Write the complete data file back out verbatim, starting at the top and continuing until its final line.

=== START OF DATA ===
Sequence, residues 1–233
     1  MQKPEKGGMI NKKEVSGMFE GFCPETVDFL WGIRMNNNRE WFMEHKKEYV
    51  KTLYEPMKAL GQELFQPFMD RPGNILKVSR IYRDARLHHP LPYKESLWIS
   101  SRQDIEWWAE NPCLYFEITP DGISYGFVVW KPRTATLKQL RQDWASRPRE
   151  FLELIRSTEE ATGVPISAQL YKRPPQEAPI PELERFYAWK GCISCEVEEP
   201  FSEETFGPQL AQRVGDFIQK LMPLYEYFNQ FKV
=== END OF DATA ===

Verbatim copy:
Sequence, residues 1–233
     1  MQKPEKGGMI NKKEVSGMFE GFCPETVDFL WGIRMNNNRE WFMEHKKEYV
    51  KTLYEPMKAL GQELFQPFMD RPGNILKVSR IYRDARLHHP LPYKESLWIS
   101  SRQDIEWWAE NPCLYFEITP DGISYGFVVW KPRTATLKQL RQDWASRPRE
   151  FLELIRSTEE ATGVPISAQL YKRPPQEAPI PELERFYAWK GCISCEVEEP
   201  FSEETFGPQL AQRVGDFIQK LMPLYEYFNQ FKV